Our C-K Creator Summer 2017 interns made friends for something they believe in.

By Andrea Ares, Agency Communications Intern

This year, Cramer-Krasselt hired 18 exceptional interns from all around the world to participate in their 2017 C-K Creator internship program in the Chicago, Milwaukee and New York offices. Each intern group was given $1,000 and the opportunity to “make friends for something they believe in.” From raising awareness about dyslexia to encouraging tech-free interactions, each group produced vastly different projects.

New York: The Laugh Line Challenge

Recent studies have shown that Americans have hit record levels of stress, especially those in urban surroundings. After stumbling upon this finding, the New York interns decided they needed to find a way to help New Yorkers stress less and smile more — introducing The Laugh Line Challenge. The team created a fun game that brought people together and gave them the opportunity to let loose and just laugh. They encouraged people to film their participation and post it online, hoping to make The Laugh Line Challenge go viral and inspire others to try it out. In fact, they even got several C-K New York employees to participate in one long Laugh Line! To see a video of their Laugh Line Challenge and to learn more about their mission, check out their Facebook and Instagram.

Milwaukee: Phone Valet

It’s time to face the facts — we just aren’t having as much face-to-face communication anymore. With the emergence of advanced technology and social media, it can be hard to unplug and live in the moment. After many hours of brainstorming, the Milwaukee intern team came up with an idea to address this issue— a phone valet. The group partnered with Café Benelux, a local restaurant, and implemented their idea of having customers agree to put their phone in a lock box and enjoy a tech-free meal. While patrons were hesitant at first, they ultimately appreciated being able to disconnect and some even suggested this be an option at all restaurants! To get a better idea of what the event looked like, head over to their Facebook page.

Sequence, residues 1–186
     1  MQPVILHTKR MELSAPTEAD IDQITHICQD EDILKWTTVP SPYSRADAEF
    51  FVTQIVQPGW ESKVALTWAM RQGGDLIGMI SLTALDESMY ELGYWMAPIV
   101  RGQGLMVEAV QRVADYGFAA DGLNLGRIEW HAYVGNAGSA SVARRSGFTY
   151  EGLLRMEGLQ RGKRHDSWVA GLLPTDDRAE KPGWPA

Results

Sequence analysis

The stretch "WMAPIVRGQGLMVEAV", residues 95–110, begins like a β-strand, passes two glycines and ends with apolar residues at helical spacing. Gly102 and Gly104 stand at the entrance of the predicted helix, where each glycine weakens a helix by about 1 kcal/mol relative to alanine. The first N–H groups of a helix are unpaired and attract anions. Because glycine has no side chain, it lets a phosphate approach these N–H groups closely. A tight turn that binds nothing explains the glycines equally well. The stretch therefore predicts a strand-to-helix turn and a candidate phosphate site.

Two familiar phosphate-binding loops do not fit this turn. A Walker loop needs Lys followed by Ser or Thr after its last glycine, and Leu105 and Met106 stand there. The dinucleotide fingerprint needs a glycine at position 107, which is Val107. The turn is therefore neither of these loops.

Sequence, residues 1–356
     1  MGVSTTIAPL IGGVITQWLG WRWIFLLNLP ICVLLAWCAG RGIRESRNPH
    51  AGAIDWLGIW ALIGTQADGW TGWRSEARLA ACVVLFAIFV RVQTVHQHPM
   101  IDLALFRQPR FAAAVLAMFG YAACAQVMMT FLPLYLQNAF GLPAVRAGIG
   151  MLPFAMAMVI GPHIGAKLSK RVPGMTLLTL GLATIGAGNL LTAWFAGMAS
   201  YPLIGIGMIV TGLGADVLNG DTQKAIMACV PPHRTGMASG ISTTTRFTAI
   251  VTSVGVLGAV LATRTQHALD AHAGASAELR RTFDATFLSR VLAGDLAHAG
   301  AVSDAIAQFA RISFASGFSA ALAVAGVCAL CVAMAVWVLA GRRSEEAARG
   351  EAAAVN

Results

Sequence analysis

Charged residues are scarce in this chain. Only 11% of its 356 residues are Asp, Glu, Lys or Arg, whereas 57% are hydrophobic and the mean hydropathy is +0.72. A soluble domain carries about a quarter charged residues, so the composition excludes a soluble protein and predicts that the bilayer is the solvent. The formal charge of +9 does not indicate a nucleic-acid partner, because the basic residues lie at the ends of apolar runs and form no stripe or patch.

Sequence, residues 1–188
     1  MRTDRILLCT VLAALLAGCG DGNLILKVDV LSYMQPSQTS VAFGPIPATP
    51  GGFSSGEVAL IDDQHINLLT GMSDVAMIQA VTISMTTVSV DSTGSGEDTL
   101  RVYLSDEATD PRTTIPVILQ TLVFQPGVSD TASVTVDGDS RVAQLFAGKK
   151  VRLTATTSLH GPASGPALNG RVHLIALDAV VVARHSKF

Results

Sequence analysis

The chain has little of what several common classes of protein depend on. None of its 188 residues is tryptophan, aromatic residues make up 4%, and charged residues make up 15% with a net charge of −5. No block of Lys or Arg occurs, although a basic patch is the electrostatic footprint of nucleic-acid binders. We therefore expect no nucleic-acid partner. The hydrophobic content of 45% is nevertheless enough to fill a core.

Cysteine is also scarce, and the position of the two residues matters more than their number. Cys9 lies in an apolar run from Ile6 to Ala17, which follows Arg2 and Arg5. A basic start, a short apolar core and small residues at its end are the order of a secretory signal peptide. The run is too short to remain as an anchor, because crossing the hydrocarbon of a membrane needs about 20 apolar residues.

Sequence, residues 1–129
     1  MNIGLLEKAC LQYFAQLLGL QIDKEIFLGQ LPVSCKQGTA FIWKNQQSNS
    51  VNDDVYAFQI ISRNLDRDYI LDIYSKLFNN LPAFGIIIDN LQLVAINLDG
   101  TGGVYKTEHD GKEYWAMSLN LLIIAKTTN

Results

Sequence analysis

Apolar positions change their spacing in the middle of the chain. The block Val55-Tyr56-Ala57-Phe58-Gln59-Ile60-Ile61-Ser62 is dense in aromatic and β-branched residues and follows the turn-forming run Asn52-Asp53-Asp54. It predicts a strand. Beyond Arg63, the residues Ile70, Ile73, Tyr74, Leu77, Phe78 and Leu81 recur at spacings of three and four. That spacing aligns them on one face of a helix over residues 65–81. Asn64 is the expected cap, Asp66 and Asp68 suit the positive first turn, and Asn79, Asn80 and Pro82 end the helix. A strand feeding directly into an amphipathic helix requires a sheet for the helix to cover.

Chicago: Dyslexia Cafe

Ever wonder what it would be like to step into the shoes with someone with dyslexia? Now you can. After extensive research, one of the Chicago intern groups found that there are several misconceptions about dyslexia and the way it manifests itself and decided to take action. With the help of their partner organization, Everyone Reading Illinois, a non-profit dedicated to helping families and children with dyslexia, and Heritage Outpost, a local cafe that allowed them to transform their space, they were able to provide café-goers with an immersive dyslexic experience. By changing signage, creating new menus and providing customers with simulations that mimicked the frustrations felt by people with dyslexia, they achieved their goal of better educating the public about what dyslexia actually is. And to top it all off, they were covered by 9 news outlets and reached almost 2 million earned media impressions! To get a glimpse of the event and to learn more about dyslexia, check out their website, Facebook and Instagram.

Chicago: Shop Minimum

Data shows that even though the cost of living has increased tremendously, the federal minimum wage, set at $7.25/ hour, hasn’t been raised since 2009. After finding this staggering statistic, one of the Chicago intern groups decided they had to do something to show people the realities of living on the minimum wage. In order to do this, they created a pop up shop at the Shops at 900 on Michigan Avenue, a high foot traffic area. They set up the space with common items, such as women’s toiletries, annual school supplies, and family groceries. But instead of putting a price tag on these items in terms of dollars and cents, they flipped the script and calculated how many hours it would take for someone working on the minimum wage to afford these items. They found that something as simple as a buying a car seat would cost someone on the minimum wage 16.5 hours of work! To learn more about their research and to get a more in-depth look at their installation, check out their website, Facebook and Instagram.




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